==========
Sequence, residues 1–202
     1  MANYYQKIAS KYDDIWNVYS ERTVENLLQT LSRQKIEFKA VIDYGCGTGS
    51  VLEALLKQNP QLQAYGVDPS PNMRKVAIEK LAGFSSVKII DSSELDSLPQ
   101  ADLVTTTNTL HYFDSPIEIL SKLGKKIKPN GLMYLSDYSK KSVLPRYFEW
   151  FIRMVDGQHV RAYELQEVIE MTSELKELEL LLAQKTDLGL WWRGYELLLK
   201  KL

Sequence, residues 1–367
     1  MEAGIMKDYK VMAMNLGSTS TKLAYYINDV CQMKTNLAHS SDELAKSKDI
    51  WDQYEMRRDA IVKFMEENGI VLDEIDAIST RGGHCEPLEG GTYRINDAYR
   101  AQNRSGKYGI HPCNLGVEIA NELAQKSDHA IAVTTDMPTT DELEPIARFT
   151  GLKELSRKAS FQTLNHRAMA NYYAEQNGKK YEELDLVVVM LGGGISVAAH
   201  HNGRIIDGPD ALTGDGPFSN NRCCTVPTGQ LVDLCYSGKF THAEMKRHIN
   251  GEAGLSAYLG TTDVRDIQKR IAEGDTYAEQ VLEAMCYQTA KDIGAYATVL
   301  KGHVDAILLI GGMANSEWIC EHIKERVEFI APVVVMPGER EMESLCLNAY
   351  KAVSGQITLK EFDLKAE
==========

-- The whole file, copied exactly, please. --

Sequence, residues 1–202
     1  MANYYQKIAS KYDDIWNVYS ERTVENLLQT LSRQKIEFKA VIDYGCGTGS
    51  VLEALLKQNP QLQAYGVDPS PNMRKVAIEK LAGFSSVKII DSSELDSLPQ
   101  ADLVTTTNTL HYFDSPIEIL SKLGKKIKPN GLMYLSDYSK KSVLPRYFEW
   151  FIRMVDGQHV RAYELQEVIE MTSELKELEL LLAQKTDLGL WWRGYELLLK
   201  KL

Sequence, residues 1–367
     1  MEAGIMKDYK VMAMNLGSTS TKLAYYINDV CQMKTNLAHS SDELAKSKDI
    51  WDQYEMRRDA IVKFMEENGI VLDEIDAIST RGGHCEPLEG GTYRINDAYR
   101  AQNRSGKYGI HPCNLGVEIA NELAQKSDHA IAVTTDMPTT DELEPIARFT
   151  GLKELSRKAS FQTLNHRAMA NYYAEQNGKK YEELDLVVVM LGGGISVAAH
   201  HNGRIIDGPD ALTGDGPFSN NRCCTVPTGQ LVDLCYSGKF THAEMKRHIN
   251  GEAGLSAYLG TTDVRDIQKR IAEGDTYAEQ VLEAMCYQTA KDIGAYATVL
   301  KGHVDAILLI GGMANSEWIC EHIKERVEFI APVVVMPGER EMESLCLNAY
   351  KAVSGQITLK EFDLKAE